The 48-year-old star said over the years he has become very careful about how gender dynamics are presented in his films.
"I have become much more careful and sensitive. That process does not stop. It is a learning process. We have to really look how we are portraying women in our film industry," he told women journalists at IWPC.
"I don't know where to start, maybe take a small set of people because we are affecting minds. We have to look at that carefully," he said.
The actor joked that his activism often lands him in trouble with the people in Bollywood as he starts talking about social issues in showbiz parties.
Aamir, who was in the city to share his experiences on the second season of 'Satyamev Jayate' with its writer Swati Chakravarty, said working on the show has made him fragile as he cries more easily now.
Talking about the research on the first episode, which centered around the topic of rape, he said they were shocked to find stories of apathy and inhumanity.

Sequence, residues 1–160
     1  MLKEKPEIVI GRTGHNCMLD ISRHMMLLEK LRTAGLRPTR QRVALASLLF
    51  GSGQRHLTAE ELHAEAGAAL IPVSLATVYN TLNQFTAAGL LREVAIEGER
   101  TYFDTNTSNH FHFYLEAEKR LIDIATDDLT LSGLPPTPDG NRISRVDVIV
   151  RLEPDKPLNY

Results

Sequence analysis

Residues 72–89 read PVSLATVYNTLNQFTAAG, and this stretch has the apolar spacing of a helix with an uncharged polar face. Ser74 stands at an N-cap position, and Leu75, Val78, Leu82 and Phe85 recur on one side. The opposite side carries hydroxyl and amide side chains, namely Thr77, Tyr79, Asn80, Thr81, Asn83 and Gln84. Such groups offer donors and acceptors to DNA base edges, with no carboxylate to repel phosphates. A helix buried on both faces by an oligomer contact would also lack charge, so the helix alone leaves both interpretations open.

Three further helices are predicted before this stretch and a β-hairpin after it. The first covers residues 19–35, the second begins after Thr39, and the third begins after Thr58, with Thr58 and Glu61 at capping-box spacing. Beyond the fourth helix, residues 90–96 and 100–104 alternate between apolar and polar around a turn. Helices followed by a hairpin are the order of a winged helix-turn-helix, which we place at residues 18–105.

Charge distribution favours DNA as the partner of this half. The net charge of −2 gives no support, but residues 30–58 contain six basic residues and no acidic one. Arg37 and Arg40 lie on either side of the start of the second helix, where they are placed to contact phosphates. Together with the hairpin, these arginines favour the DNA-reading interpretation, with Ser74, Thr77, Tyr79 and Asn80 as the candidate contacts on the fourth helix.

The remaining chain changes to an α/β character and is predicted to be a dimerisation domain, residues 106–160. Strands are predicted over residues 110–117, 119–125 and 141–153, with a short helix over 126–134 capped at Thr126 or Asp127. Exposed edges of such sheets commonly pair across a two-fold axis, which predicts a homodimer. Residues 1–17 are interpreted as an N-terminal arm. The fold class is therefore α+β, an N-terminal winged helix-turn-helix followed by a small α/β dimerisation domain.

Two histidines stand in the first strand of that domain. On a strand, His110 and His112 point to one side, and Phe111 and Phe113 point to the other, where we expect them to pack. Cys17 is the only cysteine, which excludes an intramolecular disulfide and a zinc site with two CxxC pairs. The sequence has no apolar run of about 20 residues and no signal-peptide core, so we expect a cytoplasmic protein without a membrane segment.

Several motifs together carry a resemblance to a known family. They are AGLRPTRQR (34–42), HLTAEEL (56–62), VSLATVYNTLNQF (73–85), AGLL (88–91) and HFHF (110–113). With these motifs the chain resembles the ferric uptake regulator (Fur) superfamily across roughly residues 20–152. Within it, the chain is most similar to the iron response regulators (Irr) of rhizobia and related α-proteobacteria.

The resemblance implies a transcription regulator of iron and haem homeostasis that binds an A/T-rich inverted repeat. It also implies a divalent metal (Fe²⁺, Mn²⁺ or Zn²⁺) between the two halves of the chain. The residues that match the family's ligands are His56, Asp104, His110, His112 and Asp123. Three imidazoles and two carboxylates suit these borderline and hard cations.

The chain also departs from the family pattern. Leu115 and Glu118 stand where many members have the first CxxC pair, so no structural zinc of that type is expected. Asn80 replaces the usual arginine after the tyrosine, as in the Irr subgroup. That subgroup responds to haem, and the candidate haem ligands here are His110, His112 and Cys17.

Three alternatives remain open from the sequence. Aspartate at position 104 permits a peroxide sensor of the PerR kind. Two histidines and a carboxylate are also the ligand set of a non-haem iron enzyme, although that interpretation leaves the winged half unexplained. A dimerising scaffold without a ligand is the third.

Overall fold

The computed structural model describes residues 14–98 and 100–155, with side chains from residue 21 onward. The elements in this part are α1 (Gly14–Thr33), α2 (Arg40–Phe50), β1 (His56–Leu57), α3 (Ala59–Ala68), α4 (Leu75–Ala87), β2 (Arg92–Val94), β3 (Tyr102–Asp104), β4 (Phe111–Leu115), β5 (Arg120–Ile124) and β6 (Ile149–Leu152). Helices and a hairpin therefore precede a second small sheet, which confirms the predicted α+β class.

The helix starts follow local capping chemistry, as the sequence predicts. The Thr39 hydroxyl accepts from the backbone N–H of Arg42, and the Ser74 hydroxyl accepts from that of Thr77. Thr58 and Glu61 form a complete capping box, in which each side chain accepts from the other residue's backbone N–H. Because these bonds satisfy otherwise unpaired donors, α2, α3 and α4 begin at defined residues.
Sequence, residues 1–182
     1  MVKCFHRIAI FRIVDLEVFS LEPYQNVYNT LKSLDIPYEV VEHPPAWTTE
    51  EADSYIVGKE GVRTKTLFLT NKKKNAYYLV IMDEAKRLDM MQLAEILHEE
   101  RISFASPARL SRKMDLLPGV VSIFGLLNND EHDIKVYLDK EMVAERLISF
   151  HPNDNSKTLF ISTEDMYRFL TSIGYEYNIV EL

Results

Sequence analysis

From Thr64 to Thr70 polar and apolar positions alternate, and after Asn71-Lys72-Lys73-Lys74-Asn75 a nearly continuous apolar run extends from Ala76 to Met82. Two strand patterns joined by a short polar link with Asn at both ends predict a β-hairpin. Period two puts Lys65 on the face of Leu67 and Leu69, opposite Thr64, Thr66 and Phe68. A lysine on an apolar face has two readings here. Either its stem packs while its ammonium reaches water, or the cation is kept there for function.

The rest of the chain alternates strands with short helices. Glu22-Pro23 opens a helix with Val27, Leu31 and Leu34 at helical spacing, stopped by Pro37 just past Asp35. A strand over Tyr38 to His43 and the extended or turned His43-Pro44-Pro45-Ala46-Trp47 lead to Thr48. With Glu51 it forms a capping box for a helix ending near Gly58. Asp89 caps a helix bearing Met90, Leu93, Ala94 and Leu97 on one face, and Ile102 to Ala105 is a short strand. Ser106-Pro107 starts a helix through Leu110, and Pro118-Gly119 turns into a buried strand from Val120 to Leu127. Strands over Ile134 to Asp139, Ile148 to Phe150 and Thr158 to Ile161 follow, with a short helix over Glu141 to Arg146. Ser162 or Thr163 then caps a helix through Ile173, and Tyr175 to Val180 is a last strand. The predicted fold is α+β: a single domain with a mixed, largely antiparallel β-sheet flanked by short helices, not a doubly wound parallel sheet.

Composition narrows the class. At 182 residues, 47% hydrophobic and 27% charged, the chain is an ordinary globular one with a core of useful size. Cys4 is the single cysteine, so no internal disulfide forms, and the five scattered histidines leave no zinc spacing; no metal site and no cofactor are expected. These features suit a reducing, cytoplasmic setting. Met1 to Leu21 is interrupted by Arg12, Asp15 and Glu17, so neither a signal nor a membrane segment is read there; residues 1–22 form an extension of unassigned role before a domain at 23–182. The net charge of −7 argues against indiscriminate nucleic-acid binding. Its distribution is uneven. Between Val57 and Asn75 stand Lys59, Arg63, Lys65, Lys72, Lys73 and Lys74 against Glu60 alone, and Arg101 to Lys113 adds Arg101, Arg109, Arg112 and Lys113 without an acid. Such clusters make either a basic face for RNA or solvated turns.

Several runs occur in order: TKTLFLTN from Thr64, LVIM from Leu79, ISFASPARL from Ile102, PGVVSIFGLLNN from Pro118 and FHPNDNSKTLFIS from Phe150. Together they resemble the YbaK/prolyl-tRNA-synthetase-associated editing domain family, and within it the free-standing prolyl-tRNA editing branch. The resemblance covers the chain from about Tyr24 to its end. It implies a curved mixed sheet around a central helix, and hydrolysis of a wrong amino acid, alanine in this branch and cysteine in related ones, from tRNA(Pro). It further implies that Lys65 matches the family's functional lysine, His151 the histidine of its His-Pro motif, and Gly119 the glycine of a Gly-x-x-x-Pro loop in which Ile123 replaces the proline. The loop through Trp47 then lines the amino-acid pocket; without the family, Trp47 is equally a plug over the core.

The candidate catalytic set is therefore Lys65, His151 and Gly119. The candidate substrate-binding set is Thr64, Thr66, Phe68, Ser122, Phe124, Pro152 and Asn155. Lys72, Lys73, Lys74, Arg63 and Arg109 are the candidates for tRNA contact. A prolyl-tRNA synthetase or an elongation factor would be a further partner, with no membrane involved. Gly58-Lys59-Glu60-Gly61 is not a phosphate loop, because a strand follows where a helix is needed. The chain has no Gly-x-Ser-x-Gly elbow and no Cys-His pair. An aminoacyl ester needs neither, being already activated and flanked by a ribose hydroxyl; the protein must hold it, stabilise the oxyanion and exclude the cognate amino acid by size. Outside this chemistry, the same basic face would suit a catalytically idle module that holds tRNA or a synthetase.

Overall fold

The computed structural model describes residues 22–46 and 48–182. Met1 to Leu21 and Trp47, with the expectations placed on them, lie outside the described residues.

"We were faced with such inhumanity that it was difficult to absorb it. It was a ravaging period in the entire research," he said, adding that the attempt has been to have a crisis centre for rape victims which will help them get swift justice.
The actor said he is prepared to hear negative stories about the show as certain people were bound to attack it.
"There are people who are trying to take away our credibility. There are rumours but you have to be prepared for it. You have to hope that people at large will be able to see what is right and what is not and that they would go by logic," Aamir said.
The actor said he would never endorse a fairness cream brand and is aghast to see celebrities endorsing it.
Talking about the recent ruling of the Supreme Court on Section 377 of IPC, Aamir said he was disappointed by it.
"It was rather unfortunate. I was very surprised by the decision. Personally, I feel it's really time that we moved forward and pursued equality for all," he said.
Aamir has now become more open to media following a difficult relationship in the past.
"I think I went into a shell during 2006-07. I had nothing against media but I did not want to deal with it. I found them extremely intrusive. I found them to be very attacking.
"It was a phase when TV channels were mushrooming and I think there was a struggle for readership space... it had become vicious medium. I did not know how to react to it. I was being lashed from every side but things changed while working on 'Taare Zameen Par'," he added.